- Treasurer: Paul Chin, firstname.lastname@example.org
- Fundraising Chair: Evan Chavez, email@example.com
- Service Chair: Mary Beth Melso, firstname.lastname@example.org
The Silicon Flatirons Student Group (SFSG) is a sister organization and the official student connection to the Silicon Flatirons Center - A Center for Law, Technology, and Entrepreneurship. SFSG is a diverse group of students with wide-ranging interests in the growing fields of technology, entrepreneurship, intellectual property, telecommunications, and innovation. SFSG’s mission is to empower our members to pursue a career in technology by providing students with unique opportunities to participate in discussions on hot topics and make connections with thought leaders and practitioners. Regardless of our members’ background in technology, SFSG aims to enable students to fully utilize all that the Silicon Flatirons Center has to offer. To that end, SFSG hosts Primer Lunches to introduce conference material and provide students with a unique opportunity to meet conference speakers before the event. These Primers are a fantastic resource for anyone interested in a conference, whether they are already a subject matter expert or just think the topic sounds interesting. SFSG also provides additional opportunities for students to dive deeper into conferences by serving as Student Ambassadors. Finally, SFSG hosts social and networking events across the Front Range to connect students to the robust and diverse technology economy in Colorado.
- Artificial Intelligence Conference Primer Lunch
- Pitch Night 101: A Business & Law Networking Event
- Music Copyright Conference Primer Lunch
- President: Kelsey Fayer, email@example.com
- Vice President: Conor May, firstname.lastname@example.org
- Director of Business Collaboration: John Broadbent, email@example.com
- Treasurer: Wilson Scarbeary, firstname.lastname@example.org
The Spanish Speaking Law Students Association (SSLSA) is the CU Law student branch of the Spanish Speaking Lawyers Committee. It is an ever-expanding student organization aimed at providing its members opportunities to practice their Spanish skills, and to connect with Spanish-speaking lawyers throughout the metro area through various social engagements. Additionally, SSLSA promotes community outreach by creating an avenue for its members to interpret for the Spanish speaking community at various legal events. Any students interested in learning, practicing, or using their Spanish are welcome (and encouraged) to join the SSLSA. All language levels are truly welcome.
If you have any questions regarding the group please contact: Andres Alers at email@example.com.
- President: Andres Alers, firstname.lastname@example.org
- Vice President: Katia Allen de Oliveira, Katia.AllenDeoliveira@colorado.edu
The Sports and Entertainment Law Student Association (SELSA) is a club of students interested in sports law and/or entertainment law. The aim of the club is to foster interactions between the students, professors, and staff with related interests, and develop connections with professionals in the field so students can network and work towards a career in Sports and Entertainment. Our activities include lunch time speakers, THAC, the SLA conference trip, and other related events and fundraisers. This club introduces students to a specialized field of law and provides an opportunity for students to break into the highly popular and competitive industry of Sports and Entertainment Law. SELSA will have an introductory meeting during the first couple weeks that classes start. Students can also sign up via TWEN.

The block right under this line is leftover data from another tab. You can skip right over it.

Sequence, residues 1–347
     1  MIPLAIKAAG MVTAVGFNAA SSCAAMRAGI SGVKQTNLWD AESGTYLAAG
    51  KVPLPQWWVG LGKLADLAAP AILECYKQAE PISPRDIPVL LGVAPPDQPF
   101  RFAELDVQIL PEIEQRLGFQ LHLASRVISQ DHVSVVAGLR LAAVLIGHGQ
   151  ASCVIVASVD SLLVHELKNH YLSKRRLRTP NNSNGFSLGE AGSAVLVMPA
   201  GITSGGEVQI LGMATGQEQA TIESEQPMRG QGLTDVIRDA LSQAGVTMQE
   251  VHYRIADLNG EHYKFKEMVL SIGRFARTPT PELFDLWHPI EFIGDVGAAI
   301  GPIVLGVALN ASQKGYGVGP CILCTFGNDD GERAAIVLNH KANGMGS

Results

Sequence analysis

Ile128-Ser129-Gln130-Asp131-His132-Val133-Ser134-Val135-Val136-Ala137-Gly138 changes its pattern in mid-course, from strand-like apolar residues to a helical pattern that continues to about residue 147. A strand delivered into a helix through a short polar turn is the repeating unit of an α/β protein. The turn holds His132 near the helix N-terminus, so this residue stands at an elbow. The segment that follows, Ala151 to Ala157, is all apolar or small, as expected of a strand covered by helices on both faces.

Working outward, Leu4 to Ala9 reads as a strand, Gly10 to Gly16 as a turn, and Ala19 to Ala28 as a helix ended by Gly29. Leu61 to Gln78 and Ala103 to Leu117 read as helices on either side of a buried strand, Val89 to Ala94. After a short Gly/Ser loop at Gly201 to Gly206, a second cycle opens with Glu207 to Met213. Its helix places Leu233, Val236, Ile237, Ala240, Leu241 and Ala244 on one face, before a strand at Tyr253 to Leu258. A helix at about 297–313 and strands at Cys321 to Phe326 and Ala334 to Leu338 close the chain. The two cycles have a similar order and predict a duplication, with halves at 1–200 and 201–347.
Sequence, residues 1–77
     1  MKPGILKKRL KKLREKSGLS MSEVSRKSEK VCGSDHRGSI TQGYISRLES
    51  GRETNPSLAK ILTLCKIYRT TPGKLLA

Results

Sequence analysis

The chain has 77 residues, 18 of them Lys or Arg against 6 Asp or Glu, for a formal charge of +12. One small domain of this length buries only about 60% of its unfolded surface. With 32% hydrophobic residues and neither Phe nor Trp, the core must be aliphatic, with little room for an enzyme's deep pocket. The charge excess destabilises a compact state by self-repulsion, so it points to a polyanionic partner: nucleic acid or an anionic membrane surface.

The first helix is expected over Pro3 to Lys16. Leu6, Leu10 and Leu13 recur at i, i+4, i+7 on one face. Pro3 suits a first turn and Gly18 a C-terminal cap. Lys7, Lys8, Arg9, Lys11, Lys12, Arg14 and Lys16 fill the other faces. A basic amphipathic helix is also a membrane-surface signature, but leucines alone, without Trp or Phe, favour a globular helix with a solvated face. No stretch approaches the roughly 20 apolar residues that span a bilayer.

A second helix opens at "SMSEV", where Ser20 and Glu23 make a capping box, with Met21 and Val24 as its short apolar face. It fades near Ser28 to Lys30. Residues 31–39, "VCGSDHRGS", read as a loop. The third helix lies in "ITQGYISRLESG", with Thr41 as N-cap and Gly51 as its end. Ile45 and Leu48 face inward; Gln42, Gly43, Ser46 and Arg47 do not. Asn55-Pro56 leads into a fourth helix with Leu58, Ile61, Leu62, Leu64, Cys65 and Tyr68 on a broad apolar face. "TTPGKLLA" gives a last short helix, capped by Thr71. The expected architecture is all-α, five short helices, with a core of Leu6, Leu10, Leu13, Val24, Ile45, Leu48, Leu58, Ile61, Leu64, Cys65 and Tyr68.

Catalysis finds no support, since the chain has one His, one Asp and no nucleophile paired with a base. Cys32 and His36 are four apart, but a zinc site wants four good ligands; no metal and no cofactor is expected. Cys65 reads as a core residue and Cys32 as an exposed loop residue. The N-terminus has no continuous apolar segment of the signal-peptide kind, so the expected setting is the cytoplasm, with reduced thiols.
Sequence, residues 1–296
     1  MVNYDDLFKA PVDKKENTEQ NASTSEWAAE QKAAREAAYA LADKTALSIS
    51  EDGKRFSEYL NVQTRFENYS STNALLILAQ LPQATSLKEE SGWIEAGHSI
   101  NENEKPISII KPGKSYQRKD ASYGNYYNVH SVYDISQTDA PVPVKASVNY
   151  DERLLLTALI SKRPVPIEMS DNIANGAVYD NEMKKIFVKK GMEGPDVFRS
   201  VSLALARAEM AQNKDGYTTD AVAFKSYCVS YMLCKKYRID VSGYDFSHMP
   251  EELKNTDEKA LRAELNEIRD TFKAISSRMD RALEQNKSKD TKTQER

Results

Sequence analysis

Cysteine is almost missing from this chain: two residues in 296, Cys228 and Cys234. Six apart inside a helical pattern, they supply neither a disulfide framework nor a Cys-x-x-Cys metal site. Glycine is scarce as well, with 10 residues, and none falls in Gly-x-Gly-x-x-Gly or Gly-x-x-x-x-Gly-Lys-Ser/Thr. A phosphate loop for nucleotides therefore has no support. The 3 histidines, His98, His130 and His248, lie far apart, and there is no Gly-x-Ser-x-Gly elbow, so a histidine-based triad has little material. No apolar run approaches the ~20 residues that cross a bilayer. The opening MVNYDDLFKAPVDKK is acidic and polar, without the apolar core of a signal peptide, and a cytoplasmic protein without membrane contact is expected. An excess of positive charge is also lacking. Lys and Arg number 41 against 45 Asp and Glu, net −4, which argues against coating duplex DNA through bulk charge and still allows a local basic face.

Students will be able to apply to participate in Tulane Law School’s annual International Baseball Arbitration Competition. Details about the competition and how to apply will be discussed early in the fall semester.
- President: Emily Gibson, email@example.com
SALDF is dedicated to providing a forum for education, advocacy, and scholarship aimed at protecting the lives and advancing the interests of animals through the legal system, and raising the profile of the field of animal law. SALDF is dedicated to the goals of educating the law school and surrounding community about forms of institutionalized animal abuse, and engaging in projects that combat that abuse. SALDF is equally dedicated to protecting the lives and advancing the interests of animals through the legal system. The activities SALDF include hosting speakers, and events on current issues in animal rights and animal welfare law, carrying out research projects for lawyers and organizations promoting animal welfare and animal rights litigation; networking with students at other schools, conducting educational events such as information tables and video screenings on pertinent issues.
- President: Nichole Burnett, firstname.lastname@example.org
- Vice President: Riley Scott, email@example.com
As Colorado Law's student government, the Student Bar Association (SBA) represents the interests of law students generally. All students enrolled at Colorado Law are members of the SBA and may vote for SBA officers and and their respective class officers. The SBA oversees the activities of law school student organizations and allocates funding to them, administers the school's honor code with the Honor Council, and sponsors many educational, social, and athletic activities.
- President: Clarke Cooper, Clarke.Cooper@colorado.edu
- Vice President: Andrew Jacobo, Andrew.Jacobo@Colorado.edu
- Secretary: Aria Thiessen, Aria.Thiessen@colorado.edu
- Treasurer: Cooper Tollen, Cooper.firstname.lastname@example.org